The Customer Journey Mapping Process

There is no such thing as a linear path when it comes to a customer’s journey. Nothing is static, and nobody researches a product the same way. It’s clear that a lot of marketing, as we previously knew it, has drastically changed because of prospects access to digital information. Where we used to focus on the set steps of the sales funnel, we now have to reach our customers in places, and in ways, that directly relate to their own experience.

Now, it’s all about staying connected at any touchpoint, at any time throughout the buying action.

As you plan your customer journey mapping process, you have to meet your potential buyer on a path that takes an unknown amount of twists and turns. You have to take them on a ride they don’t want to get off and when they finally do disembark, they would recommend your service to everyone they know.

Customer Centric Journey

That customer-centric journey is all over the place, isn’t it? It’s far from the linear process that customers engaged in before the internet gave instantaneous access to whatever information a viewer desires. Here are five ways to start improving your customer journey mapping process to better fit thebuyerss of the digital age.

1. Know Who You’re Targeting.

One of the most effective ways to approach your customer’s journey is to zero in on your target audience. Let your prospects know you understand their pain points, and that you’ve designed your services to fix their dilemmas. Be their problem solver.

In Jim Connoly’s blog 4 Powerful Words The Attract Clients Like a Magnet! Jim wrote that when he said, “bring me your problems” to potential clients he could immediately feel their relief. People want to feel secure in their decisions and by offering to solve existing problems instead of offering to fix things that aren’t broken people will want to work with you.

But to do this, you have to know who you are targeting, why they care, and how to reach them. You can do this many different ways, but here are a few ideas:

  • Interview your current clients and find out what really drove them to buy from you. What problems did your customer think you’d solve?
  • Study your business competitors and their related industry forums and monitor news, social media and trends.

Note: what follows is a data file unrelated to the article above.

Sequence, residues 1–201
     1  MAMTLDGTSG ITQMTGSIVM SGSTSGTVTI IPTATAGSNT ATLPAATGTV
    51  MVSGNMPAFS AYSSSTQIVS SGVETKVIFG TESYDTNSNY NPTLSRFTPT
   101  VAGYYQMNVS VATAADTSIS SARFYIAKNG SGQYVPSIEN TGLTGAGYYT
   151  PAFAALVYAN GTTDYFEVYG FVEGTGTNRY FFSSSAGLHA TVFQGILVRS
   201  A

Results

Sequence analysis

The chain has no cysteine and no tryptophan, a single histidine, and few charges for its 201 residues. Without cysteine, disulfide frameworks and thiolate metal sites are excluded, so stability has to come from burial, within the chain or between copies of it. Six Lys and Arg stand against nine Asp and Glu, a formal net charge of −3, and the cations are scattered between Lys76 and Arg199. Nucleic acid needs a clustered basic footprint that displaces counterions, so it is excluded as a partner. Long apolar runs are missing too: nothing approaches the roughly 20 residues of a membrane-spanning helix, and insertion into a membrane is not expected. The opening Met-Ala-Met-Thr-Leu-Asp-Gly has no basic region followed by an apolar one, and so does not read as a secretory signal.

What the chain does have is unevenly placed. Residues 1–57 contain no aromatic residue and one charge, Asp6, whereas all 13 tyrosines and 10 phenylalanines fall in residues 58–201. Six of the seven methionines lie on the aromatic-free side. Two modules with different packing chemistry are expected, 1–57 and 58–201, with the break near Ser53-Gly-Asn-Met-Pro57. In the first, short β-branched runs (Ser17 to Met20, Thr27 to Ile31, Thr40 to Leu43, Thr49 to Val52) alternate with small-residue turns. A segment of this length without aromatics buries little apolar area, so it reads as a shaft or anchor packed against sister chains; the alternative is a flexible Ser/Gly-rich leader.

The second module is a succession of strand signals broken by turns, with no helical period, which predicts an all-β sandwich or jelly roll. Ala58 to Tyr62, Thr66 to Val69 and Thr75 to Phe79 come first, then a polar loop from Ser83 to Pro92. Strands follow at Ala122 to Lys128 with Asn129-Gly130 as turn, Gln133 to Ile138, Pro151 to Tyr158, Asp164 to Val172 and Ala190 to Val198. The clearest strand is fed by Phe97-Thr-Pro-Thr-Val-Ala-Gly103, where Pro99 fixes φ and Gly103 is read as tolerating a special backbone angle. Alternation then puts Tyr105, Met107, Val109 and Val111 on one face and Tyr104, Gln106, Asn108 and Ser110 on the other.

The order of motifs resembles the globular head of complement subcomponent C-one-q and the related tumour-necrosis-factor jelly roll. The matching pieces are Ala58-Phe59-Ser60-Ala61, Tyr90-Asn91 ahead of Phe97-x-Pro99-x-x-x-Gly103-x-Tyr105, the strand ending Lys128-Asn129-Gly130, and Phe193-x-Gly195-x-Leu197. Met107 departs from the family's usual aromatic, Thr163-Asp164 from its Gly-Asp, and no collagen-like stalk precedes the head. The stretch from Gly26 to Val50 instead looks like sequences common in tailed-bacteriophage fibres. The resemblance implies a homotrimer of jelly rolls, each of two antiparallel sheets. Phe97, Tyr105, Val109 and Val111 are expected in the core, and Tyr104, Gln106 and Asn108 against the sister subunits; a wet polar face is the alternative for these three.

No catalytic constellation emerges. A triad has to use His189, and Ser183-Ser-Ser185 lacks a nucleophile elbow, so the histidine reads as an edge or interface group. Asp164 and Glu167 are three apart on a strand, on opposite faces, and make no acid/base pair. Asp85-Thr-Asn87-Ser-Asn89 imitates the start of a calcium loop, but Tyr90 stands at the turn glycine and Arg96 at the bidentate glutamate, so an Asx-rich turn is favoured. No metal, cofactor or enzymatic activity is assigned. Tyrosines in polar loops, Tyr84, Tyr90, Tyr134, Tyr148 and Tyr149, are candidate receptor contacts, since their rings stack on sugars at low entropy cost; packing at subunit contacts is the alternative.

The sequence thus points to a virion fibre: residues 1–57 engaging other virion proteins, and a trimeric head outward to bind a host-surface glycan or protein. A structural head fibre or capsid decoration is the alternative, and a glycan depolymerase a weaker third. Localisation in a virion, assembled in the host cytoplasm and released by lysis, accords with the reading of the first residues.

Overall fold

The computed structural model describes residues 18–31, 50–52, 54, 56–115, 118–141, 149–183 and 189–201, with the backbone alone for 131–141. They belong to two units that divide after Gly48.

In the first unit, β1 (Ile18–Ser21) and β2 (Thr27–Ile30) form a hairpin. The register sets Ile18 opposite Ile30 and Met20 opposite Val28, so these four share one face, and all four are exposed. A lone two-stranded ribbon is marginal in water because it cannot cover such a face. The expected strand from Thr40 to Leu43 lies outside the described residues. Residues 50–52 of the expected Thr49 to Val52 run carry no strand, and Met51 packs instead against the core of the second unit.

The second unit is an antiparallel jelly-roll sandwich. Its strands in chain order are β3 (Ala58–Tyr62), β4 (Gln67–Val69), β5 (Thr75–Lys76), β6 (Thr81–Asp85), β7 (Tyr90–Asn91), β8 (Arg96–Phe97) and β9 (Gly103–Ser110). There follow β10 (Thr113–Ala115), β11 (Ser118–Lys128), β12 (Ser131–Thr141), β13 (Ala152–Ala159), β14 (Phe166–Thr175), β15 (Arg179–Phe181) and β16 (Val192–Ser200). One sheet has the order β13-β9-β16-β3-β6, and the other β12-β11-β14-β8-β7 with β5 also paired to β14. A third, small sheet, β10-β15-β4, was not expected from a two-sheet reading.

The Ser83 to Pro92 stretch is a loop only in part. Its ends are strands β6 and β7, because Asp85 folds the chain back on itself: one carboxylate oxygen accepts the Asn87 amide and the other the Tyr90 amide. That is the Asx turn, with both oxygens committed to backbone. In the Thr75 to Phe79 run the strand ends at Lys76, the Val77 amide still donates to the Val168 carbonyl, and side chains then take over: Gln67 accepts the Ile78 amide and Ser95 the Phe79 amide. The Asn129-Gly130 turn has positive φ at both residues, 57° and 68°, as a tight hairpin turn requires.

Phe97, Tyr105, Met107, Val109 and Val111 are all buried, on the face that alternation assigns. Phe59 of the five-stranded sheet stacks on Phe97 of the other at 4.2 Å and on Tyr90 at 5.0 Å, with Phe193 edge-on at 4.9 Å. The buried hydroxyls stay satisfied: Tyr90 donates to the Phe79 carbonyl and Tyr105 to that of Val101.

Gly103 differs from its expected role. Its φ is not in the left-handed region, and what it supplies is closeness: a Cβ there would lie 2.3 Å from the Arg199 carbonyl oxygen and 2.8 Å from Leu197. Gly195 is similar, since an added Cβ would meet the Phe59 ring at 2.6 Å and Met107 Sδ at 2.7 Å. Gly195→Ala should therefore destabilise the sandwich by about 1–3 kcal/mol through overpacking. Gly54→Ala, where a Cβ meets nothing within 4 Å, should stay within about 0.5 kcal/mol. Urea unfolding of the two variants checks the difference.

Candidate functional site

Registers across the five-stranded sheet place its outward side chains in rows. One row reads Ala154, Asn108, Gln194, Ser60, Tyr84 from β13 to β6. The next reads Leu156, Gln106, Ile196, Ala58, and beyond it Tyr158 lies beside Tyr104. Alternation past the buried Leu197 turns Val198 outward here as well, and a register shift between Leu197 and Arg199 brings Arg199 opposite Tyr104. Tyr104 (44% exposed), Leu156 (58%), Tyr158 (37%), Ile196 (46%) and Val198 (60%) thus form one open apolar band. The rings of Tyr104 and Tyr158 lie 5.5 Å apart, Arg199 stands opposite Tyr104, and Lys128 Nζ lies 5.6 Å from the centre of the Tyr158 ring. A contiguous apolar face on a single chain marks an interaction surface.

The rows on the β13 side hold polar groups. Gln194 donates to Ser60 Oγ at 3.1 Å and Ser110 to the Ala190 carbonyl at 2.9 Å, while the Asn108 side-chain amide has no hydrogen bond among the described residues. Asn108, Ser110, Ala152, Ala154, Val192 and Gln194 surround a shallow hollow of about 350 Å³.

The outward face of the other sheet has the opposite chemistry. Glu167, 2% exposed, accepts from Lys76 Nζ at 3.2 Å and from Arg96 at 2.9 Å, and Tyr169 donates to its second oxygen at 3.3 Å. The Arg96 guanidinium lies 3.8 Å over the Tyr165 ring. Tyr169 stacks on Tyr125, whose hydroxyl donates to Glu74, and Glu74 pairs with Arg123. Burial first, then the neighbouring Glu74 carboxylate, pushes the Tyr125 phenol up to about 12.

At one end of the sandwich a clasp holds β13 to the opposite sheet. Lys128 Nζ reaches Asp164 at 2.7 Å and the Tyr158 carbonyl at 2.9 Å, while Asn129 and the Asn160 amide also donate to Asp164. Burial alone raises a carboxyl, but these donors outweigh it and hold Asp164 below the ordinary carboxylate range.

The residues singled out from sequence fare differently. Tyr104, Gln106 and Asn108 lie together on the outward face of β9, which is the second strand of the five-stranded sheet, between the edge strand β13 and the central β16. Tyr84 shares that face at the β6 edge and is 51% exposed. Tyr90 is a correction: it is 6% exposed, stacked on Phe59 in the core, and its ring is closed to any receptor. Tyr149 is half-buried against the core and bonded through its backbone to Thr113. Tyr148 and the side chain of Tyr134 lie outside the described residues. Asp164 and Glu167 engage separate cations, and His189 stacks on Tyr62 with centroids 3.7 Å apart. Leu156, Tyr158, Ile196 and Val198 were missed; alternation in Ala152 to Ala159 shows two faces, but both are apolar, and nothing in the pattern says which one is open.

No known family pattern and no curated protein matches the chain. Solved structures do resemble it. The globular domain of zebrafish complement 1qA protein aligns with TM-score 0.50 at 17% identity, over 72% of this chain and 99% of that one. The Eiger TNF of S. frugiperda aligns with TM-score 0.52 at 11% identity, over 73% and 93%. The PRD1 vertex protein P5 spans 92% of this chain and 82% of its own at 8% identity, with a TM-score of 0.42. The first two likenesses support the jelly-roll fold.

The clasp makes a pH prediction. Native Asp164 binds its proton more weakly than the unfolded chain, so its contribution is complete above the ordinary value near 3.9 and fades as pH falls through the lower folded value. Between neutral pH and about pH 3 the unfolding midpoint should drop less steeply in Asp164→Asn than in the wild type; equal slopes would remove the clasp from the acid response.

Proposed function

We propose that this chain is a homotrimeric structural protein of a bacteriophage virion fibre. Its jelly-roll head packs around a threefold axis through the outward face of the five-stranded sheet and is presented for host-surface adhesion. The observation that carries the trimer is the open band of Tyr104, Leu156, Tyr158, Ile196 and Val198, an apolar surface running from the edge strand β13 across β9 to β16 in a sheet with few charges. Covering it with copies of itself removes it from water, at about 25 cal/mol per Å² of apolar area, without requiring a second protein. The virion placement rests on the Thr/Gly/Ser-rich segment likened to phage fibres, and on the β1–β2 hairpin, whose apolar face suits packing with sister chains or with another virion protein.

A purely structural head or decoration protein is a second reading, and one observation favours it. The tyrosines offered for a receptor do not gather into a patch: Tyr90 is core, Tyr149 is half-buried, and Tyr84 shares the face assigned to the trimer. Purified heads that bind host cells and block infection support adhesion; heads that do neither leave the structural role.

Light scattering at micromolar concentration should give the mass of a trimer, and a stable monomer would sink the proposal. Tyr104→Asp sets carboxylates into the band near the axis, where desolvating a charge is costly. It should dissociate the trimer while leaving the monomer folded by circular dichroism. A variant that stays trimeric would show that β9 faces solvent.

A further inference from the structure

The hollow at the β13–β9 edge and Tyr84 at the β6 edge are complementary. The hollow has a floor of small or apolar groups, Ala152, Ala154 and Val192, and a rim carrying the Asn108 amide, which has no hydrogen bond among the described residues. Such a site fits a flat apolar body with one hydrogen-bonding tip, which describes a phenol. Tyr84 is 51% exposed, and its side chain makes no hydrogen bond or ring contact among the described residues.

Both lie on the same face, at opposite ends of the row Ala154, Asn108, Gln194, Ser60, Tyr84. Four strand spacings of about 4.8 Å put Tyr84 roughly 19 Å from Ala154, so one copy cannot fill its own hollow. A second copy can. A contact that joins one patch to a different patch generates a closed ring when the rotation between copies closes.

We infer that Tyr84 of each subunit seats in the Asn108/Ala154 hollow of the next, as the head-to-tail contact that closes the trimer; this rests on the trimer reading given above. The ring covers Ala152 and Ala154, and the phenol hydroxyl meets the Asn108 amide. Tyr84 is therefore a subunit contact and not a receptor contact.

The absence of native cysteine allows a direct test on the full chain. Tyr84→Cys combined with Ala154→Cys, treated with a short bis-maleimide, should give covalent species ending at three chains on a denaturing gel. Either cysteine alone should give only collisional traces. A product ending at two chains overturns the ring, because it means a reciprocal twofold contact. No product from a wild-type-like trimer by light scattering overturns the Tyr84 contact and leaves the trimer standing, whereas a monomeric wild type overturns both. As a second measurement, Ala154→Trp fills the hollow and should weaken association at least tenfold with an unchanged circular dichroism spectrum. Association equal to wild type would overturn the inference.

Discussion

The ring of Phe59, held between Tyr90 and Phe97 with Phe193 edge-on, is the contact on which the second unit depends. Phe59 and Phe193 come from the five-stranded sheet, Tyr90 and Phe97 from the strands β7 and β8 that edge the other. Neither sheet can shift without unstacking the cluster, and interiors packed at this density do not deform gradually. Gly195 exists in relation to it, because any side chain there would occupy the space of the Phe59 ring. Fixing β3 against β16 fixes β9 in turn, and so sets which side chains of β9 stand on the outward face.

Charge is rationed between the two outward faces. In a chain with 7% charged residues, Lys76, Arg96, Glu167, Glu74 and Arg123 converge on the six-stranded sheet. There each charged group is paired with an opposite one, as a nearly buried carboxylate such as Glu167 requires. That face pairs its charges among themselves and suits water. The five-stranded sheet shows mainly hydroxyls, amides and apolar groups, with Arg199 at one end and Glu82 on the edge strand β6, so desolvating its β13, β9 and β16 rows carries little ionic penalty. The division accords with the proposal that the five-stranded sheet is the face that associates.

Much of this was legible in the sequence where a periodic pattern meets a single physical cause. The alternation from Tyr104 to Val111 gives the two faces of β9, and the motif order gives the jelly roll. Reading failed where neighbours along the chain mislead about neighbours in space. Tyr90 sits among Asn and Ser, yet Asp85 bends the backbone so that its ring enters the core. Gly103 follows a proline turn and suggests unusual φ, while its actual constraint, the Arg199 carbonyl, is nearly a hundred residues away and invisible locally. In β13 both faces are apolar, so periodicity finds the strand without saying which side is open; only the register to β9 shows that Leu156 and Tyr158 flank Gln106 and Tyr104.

• Check your content to see what is working for you and what isn’t. Track what’s effective to see what language and topics resonate most.
  • Conduct a market survey to see where your message resonates. There are plenty of online options for distribution like SurveyMonkey or TypeForm.

When you understand your audience, you’ll close the deal faster, and you’ll lead customers down the path toward loyal customer use. Need a little help getting started? Try using this buyer persona template as a guideline to hitting that target purchaser.

2. Find Your Story.

Audiences tend to respond to reliability. That’s why there is a growing trend towards storytelling in marketing. To effectively optimize the customer experience, you need to develop your story and draw the user in.

Include these components:

  • Who are you?
  • What is your corporate personality?
  • Why should people use you?
  • How have you helped other similar businesses?
  • What problems can you solve for them?

Answering these questions for your potential customer will help them open up and engage with you since it’s clear you’re in the business of solving their problems.

3. Map Critical TouchPoints, But Don’t Stop There.

In an article by Forrester, Martin Gill points out that customers use many touchpoints to find you. From Internet searches to networking, from conferences to social media, businesses use a wide a variety of resources to find needed services. To make an impact on these users, identify and map the cross-touchpoints your customer uses along their journey.

And Gill suggests:

  1. Don’t try to please everyone. Focus only on your target market.
  2. Optimize the journey instead of the touchpoint.
  3. Manage transitions to the next stage. Use the right channels at the right time to keep your prospect engaged.

So consider the different stages of your customers’ journey, and map content to the questions they’re asking at each stage. What is their thought process when considering your services or products? What content would appeal to them at each stage? And what channels are they using?

4. Always Adapt.

Understand that your customers’ needs and expectations change and you need to continuously monitor and adapt to them. Today’s marketer has to be attentive and nimble to anticipate and respond to their customers’ changing habits and needs. It’s your job to prove to your customers that they matter to you and that you hear their issues and concerns. You have to make a concerted effort to meet their needs. So as a marketer, it’s up to you to listen and continuously adjust to reach them and engage with them.